For some women, the secret to balancing career and family has been a partner who stays at home.
That’s according to the findings of Finance News’s sixth annual survey of women working in London’s financial sector.
It’s not common. Just 5% of survey respondents have partners who do not work, and run the household, although this increases to 10% among those who have worked in the industry for over 15 years. But for some women, it’s been crucial.
Helena Morrissey, who juggles being chief executive of Newton Investment Management with being the chair of the Investment Association, said it would have been “impossible” to have balanced her career and raising a family without the support of her stay-at-home-husband, Richard.
Her case is exceptional, as she is the mother of nine, six girls and three boys, whose ages range from seven to 24. The decision for Richard to stay at home full time was made, Morrissey says, after the birth of their fourth child, 17 years ago.
She said: “It seemed like a normal decision, but now I realize it was quite unusual. One of the main motivations for us was we weren’t having much of a life. We didn’t feel like we had any time, and it was all very tense, consistently trying to be in two places at once.
“It’s difficult to know what would have happened [if Richard had not decided to become a stay-at-home partner]. I don’t think we would have carried on having more children, and we would have struggled to have time together.”
Her partner Richard Morrissey said the decision had meant their worlds were not separate from each other. He said: “It is very valuable to feel you are a team together, ideally with complementary capacities.”
Helena Morrissey said that stay-at-home partners were an “observable phenomenon” among fellow senior women. She said: “I don’t want others to be discouraged and think it’s impossible with two people working, but to get to senior level it is very difficult unless you massively outsource every aspect of your life.”
Alison Jefferis, head of corporate communications at Columbia Threadneedle, said that with two boys she would have struggled to progress up the ladder without her stay-at-home husband. She said: “It removes a lot of the tension and logistical difficulties. When we had our first child it just made more sense. I had a more stable career and was earning more. It was a practical decision.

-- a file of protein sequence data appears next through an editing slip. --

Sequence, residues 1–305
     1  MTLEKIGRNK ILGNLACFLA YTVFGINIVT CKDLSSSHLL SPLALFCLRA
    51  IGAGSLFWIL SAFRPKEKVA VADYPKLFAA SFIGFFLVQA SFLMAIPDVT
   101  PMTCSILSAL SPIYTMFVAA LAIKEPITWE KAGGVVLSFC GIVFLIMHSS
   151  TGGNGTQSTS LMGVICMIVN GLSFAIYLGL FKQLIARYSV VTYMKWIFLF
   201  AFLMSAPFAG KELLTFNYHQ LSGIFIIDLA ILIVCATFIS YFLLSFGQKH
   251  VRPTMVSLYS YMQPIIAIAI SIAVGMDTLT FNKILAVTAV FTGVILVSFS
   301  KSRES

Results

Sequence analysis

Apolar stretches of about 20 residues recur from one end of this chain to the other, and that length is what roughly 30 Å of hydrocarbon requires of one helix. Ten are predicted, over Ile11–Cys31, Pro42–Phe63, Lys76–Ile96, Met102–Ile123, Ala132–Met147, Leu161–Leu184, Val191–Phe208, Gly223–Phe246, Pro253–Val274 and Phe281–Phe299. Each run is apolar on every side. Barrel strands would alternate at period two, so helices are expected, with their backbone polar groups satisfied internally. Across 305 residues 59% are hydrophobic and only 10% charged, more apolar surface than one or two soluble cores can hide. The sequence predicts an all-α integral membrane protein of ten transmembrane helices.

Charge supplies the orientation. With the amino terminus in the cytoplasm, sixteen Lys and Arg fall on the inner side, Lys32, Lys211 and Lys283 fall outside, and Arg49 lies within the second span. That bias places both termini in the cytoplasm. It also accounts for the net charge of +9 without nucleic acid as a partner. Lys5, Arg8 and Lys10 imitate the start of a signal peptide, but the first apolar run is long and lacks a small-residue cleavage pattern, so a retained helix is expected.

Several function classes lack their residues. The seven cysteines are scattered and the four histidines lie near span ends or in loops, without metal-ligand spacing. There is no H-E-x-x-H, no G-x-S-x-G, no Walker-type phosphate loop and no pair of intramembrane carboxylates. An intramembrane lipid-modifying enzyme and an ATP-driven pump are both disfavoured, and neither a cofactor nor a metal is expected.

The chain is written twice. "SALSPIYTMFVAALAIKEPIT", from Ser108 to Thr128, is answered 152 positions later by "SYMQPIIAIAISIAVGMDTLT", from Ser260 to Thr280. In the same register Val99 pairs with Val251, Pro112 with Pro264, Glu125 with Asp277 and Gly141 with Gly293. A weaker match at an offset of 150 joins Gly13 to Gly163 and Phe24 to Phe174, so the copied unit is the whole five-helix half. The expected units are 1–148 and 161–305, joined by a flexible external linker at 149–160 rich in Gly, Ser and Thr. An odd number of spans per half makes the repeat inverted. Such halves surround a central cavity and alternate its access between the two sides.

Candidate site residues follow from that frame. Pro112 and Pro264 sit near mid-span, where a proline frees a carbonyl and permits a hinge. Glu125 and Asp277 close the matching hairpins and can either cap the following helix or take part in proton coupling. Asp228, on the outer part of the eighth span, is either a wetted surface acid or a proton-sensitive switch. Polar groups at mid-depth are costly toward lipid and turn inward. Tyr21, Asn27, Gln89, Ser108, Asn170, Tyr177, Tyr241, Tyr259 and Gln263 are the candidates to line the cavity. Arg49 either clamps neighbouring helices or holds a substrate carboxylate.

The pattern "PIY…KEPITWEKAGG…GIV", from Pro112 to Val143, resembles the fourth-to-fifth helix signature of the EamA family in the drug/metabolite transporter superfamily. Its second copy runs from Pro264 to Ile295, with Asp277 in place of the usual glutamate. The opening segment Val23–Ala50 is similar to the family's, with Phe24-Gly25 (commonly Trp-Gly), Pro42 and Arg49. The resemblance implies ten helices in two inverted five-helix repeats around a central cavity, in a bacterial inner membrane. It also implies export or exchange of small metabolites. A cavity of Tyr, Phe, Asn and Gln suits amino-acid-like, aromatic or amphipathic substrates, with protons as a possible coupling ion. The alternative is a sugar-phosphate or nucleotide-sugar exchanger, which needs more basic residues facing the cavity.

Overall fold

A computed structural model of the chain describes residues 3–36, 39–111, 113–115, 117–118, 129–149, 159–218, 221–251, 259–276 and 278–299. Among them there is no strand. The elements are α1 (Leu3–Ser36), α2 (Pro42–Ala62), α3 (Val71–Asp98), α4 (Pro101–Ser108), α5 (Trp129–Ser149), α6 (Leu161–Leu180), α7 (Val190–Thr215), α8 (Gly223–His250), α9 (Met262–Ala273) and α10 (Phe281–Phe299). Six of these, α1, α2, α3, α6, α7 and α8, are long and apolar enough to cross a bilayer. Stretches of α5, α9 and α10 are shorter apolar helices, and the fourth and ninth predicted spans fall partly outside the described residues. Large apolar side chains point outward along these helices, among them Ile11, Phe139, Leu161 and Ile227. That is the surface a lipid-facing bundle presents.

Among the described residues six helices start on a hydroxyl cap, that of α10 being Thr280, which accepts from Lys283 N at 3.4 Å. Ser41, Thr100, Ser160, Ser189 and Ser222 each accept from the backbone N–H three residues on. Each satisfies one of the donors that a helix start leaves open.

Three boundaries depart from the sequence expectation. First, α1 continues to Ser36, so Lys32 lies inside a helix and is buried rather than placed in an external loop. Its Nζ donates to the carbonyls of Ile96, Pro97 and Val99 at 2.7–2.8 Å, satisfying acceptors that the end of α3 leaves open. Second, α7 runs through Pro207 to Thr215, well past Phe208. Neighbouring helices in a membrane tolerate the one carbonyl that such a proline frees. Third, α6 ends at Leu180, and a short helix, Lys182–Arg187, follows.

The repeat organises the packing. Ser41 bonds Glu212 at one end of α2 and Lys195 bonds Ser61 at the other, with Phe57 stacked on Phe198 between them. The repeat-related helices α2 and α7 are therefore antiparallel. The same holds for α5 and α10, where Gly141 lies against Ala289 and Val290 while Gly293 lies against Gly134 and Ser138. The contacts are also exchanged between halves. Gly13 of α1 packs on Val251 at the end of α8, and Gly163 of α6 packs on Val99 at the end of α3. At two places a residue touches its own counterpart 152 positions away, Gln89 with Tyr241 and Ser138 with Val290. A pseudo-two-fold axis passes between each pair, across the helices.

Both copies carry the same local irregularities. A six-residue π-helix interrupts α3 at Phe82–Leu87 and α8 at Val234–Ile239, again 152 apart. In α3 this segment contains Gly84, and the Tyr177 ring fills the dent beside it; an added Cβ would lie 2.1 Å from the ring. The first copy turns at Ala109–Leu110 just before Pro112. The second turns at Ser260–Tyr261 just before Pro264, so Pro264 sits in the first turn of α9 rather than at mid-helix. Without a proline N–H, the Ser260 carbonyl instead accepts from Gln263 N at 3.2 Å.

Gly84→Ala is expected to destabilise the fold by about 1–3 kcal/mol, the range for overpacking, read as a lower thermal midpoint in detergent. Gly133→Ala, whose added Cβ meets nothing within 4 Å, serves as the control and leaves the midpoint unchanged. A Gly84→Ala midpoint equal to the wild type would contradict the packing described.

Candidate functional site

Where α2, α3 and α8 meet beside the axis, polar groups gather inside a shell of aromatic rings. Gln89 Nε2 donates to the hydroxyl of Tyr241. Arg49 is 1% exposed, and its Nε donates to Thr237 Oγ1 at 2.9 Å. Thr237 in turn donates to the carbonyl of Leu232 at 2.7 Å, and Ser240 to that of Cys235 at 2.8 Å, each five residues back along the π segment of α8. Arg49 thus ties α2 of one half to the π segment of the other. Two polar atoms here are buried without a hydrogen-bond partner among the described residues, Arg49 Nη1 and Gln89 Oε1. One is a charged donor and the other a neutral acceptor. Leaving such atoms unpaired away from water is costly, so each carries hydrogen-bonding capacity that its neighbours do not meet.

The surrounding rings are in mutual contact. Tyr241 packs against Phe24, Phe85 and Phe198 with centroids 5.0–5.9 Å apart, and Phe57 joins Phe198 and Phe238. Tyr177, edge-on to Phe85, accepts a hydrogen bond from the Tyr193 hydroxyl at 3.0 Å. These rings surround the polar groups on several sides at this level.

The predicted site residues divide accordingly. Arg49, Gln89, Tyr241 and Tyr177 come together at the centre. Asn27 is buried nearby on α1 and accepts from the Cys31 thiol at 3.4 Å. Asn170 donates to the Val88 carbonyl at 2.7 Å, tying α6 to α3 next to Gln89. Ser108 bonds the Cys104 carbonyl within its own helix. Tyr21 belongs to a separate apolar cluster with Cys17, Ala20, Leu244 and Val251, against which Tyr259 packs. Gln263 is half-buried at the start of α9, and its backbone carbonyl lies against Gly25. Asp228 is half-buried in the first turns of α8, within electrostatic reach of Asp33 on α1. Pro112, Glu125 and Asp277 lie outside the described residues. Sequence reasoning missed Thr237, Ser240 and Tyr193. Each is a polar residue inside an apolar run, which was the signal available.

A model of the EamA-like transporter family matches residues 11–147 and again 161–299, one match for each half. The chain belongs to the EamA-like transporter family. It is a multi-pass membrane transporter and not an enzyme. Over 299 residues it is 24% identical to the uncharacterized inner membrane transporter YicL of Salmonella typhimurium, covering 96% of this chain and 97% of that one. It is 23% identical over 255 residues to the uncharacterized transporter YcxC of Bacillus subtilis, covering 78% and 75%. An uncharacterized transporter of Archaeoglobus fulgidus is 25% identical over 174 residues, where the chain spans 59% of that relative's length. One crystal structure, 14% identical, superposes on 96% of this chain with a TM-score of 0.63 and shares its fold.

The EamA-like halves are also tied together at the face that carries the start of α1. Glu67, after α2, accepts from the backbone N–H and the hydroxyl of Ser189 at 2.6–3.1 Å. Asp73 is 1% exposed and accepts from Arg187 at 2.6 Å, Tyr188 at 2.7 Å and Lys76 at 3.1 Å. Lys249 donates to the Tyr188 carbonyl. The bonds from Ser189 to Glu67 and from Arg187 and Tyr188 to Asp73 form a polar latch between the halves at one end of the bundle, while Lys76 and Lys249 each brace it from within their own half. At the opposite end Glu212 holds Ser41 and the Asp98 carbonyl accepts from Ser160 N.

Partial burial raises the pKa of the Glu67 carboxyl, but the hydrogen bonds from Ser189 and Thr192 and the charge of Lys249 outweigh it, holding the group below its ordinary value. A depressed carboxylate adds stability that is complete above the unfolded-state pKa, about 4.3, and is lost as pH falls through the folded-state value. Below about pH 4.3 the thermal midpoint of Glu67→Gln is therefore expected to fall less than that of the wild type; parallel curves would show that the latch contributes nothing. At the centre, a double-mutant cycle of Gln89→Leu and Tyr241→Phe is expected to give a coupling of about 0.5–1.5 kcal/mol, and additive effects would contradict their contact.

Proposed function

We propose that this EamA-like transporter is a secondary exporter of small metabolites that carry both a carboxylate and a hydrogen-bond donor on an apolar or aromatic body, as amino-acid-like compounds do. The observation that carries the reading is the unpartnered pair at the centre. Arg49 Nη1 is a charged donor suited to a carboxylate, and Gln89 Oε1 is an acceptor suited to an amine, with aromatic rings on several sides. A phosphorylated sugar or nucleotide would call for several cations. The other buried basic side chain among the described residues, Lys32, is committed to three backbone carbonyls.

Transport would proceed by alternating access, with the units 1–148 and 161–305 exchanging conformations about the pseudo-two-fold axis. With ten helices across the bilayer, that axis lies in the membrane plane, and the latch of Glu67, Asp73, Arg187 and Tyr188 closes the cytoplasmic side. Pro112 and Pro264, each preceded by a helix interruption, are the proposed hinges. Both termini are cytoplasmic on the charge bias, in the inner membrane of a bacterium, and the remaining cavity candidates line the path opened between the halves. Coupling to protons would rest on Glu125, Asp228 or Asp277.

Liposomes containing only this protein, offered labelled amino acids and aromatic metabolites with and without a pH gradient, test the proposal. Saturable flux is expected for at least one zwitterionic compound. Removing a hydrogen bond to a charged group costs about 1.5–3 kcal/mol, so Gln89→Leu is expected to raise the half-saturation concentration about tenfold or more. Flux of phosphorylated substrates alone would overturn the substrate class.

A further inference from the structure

“Travel has been significantly more do-able because my partner has been at home looking after the children, it takes away the stress and the feeling of guilt.”
Fiona Frick, the chief executive officer of Unigestion, who does not have a stay-at-home partner, said the key to balancing her career with bringing up her two children had been “sharing responsibility” with her husband, who works on a vineyard 20 minutes from home. She said: “When I travel, my husband has to take over — it’s really about organization and having a husband who’s open enough to say it’s not about the women.”
What the husband thinks
Richard Morrissey is husband to Helena Morrissey, whose roles include CEO of Newton Investment Management, chair of the Investment Association,and co-founder of the 30% Club. He has been a stay-at-home husband since their fourth child (they now have nine).
His thoughts: “It should be a joint decision. It is very important that both parties truly agree to the arrangement. And then do not try to see one or other partner as being more or less valuable. There are different forms of value and what you are trying to do is to create a supportive environment for your family. That requires money, but it also requires many other inputs, which may seem less tangible in our commoditized world, but are very important none the less.
“Depending on the specific circumstances, the arrangement does not have to be for ever. Working conditions are changing and it will be increasingly possible to move in and out of various work environments. Indeed it may become a necessity. So it is useful to think flexibly and to be open to things changing further down the line. Life is fluid and unpredictable.
“There is no template or right approach applicable to everyone as people have different capacities and psychological profiles. Some men and women may find it more difficult to be the one at home. Again it depends on their make-up. I am confident in myself and do not feel defined by others or by any “traditional” role, so it is relatively easy for me to do this.
“Of great importance is the fact that I feel an equal partner with Helena and we collaborate on a wide range of things. Our worlds are not separate from each other. It is very valuable to feel you are a team together, ideally with complementary capacities.”
For more findings from Financial News’s 2016 Women in Finance survey, see the special report here.